Once we got past the holidays, with their copious quantities of wine and cheese, we decided that some simple eating was in order— and that the Tuscan bread soup ribollita was the perfect match for our good intentions and the frigid weather.
We tasted ribollita for the first time a few years ago, in Tuscany. Our inn was a couple of miles from a delicatessen that seemed to exist primarily to serve the many tour buses that came rolling down the nearby highway. The deli's crude wooden benches and rustic tables contrasted with an enormous case of cheeses, sausages, breads, salads, and roasted vegetables. We ate there a few times, and although everything was great, the ribollita made a particular impression.
On the surface, it's a blah-looking mush of bread, beans, and whatever leftover vegetables the thrifty cook happened to throw in. But the flavor is astonishing, a mix of smoky pancetta, sweet tomatoes, rich broth, and garlic.
A quick Web search shows that versions vary considerably: some are little more than bread, pancetta, and tomatoes, while others resemble vegetable-packed minestrone. Here's the version we made on New Year's Day, which borrowed from several recipes, including Rachael Ray's (yeah, she's obnoxious, but she's often good on Italian dishes, and she possesses an endearingly awful Upstate New York accent that's even worse than Ruth's):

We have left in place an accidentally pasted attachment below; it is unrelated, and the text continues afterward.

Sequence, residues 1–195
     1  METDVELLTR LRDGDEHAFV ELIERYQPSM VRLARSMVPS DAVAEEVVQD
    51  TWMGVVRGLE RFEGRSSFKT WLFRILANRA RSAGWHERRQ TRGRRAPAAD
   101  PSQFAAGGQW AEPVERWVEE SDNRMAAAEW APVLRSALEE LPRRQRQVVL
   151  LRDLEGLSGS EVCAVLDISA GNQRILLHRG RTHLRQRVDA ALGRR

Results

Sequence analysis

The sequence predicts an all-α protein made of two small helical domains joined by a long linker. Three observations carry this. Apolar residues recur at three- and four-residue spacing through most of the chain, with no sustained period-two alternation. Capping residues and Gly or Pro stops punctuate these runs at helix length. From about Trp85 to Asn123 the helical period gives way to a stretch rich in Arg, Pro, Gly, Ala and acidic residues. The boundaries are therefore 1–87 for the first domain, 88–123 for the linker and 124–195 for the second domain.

4 T. olive oil
4 ounces bacon (we used veggie bacon, which worked fine)
1 large onion, chopped
4 minced garlic cloves
2 carrots, chopped
1/2 cup red wine
6 cups stock (meat, chicken, or vegetable—we used veggie stock made in large part from the caramelized skins of roasted garlic, and it was great)
1 Parmesan cheese rind
15 ounce can tomatoes, with juice
28 ounce can white beans
4 cups chopped kale
4 cups bread, cut into 2-inch chunks
Salt and pepper to taste
1. Heat the oil in a good-size pot, and fry the bacon for about five minutes.
2. Add onion, garlic, and carrots, and fry until soft.
3. Deglaze with red wine.
4. Add broth, Parmesan rind, tomatoes, and beans, and bring to a boil.
5. Add kale and reduce to a simmer. When kale is cooked through—about 15 minutes, depending on how finely you chopped it—add the bread, and continue simmering for an additional ten minutes.
6. Serve hot with grated Parmesan.
By the time you serve leftovers, the bread in the ribollita will have absorbed all the stock. This nearly solid substance—which barely qualifies as "soup"—is very similar in consistency to what we ate in Tuscany.